Wednesday, April 1, 2015

The First Rant

The First Rant

            Many readers have probably got a pool going on when I would post my first rant. Well, if you have April 1st for your date you win! However, if you selected politics or neo-confederate morons to be the topic, you lose and have to enter the pool again. I am ranting about the incredibly terrible system that is in place for Pearson’s MyHistoryLab and its use on mobile devices. The idea of mobile learning or m-learning as we sophisticated educators call it is to be easily accessible. It is one of the central concepts that make m-learning so attractive.

            Yet, today when trying to flip my class around so students can use primary and secondary sources in exploring the Age of Jefferson it was anything but easy to do. First of all, flipping a classroom around is not an easy proposition. Second of all, this is a community college. Third, I’m flipping a survey class. Walking on water is just a tad bit harder to do than this. It is extremely difficult to do when the technology that is supposed to work fails to do what it is alleged to do. My iPad users could not engage with the sources in the MyHistoryLab without jumping through hoops while those that brought their laptops had no issues.

            What this shows is the usual disdain Pearson has for m-learning. The Lab is set up for Web users. I whipped out my Android tablet and immediately ran into the same problems the iPad users had. The problem is with Pearson. This is not the first issues I’ve ran into with Pearson. They have several mobile applications and none of them do much at all with the MyHistoryLab. Fortunately, my lived up to my teaching motto: Adapt, improvise, overcome! They Googled and had the primary sources on their iPads immediately and much faster than going through the multi-layered mess that the Lab is. 

            I am now setting up the following week’s Age of Jackson lessons. Instead of using the Lab, I’m ignoring it and working with other content providers. You really want to know what I think we need to do? Drop Pearson completely. I don’t need them. I like the MyHistoryLab, but to be honest I don’t need it. I can do just as an effective job of teaching without it. In fact, our history department could sit down and have a solid set of course lessons for an entire course in two days or less from start to finish. Give them advance notice and it could be done in less than a day. We could save our college a good chunk of cash too.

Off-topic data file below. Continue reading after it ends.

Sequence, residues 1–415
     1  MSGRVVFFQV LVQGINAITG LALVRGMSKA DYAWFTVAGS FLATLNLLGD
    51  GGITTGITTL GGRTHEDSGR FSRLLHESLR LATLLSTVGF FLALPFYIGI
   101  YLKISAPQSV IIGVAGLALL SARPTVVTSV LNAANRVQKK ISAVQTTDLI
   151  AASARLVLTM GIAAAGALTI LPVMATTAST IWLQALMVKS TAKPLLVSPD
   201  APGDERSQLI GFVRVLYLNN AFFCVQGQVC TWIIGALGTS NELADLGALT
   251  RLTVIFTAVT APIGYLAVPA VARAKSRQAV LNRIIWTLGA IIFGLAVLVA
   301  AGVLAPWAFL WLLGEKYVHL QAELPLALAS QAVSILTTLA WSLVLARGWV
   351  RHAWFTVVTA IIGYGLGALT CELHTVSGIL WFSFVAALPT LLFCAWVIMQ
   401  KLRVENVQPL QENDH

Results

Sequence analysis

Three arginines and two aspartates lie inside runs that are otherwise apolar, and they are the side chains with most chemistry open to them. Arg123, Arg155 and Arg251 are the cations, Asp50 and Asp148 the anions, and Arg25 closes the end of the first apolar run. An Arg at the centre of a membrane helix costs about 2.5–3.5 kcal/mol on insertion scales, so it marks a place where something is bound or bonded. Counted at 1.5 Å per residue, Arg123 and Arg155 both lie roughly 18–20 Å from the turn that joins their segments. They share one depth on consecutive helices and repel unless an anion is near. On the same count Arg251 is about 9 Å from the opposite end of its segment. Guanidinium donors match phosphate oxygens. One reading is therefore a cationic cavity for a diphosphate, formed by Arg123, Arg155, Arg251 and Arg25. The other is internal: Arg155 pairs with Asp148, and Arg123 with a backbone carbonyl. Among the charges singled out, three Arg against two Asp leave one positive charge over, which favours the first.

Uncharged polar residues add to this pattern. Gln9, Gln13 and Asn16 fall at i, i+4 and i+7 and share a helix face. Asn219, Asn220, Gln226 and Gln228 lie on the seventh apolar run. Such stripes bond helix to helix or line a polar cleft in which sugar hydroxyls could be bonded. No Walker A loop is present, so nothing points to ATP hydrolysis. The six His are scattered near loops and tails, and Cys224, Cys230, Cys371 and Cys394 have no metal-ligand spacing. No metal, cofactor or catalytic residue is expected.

I am currently developing a m-learning app with iTunes U for my courses. The first stage is underway. This consists of setting up a generic app useable by any instructor in most disciplines. The goal is to create a system where students can access the app, see the current materials and deadlines they need to be working, and then access them immediately from that screen. Two clicks and they’re from starting the app to reading, listening, or watching the content. Same for quizzes or anything else. We can even install dropboxes, forums, and Office 365 apps on the iPads for their use as well. A companion website would probably be necessary unless we also develop the app to run on Web as well. 

            Currently, I am using Tunesviewer on my Android to see if I can access the completed product via the iTunes U app. I have two main areas of concern. One is the actual textbook which is an e-text. I need Pearson to load it to an iBook. The second is in quizzes. I like the way the MyHistoryLab quizzes work. However, that doesn’t mean I cannot build and insert them into the iTunes app. That may take a bit of work, but then it might be pretty simple. The best part is that the iTunes materials look pretty easy to use. I know they work because I’ve seen this in action at Arkansas State University. The entire campus is mobile. Students must buy an iPad to attend school there. Everything is contained in the iTunes U course applications. Instructors must use them as well. They are not given a choice.

            This also may end up being my doctoral study. I have to wait and see what the chair says, but either way I am developing an app. I plan to use the iPads in two courses as I continue to shift more and more to a flipped classroom approach. Despite the issues with technology, the students worked with the materials and developed some answers to the questions. They preferred this format over the lecture format as well. This requires some work so I can’t do it each time, but I can for a lot of them. 

            So there’s the first rant. If anyone is using iTunes U materials I would love to hear them talk about their experiences with them. Same for other m-learning applications. I think that is where our pedagogy is going to shift to, so comparing notes would be helpful.

Photo Credits: Apple iPad and Apple iTunes U website.

No comments:

Post a Comment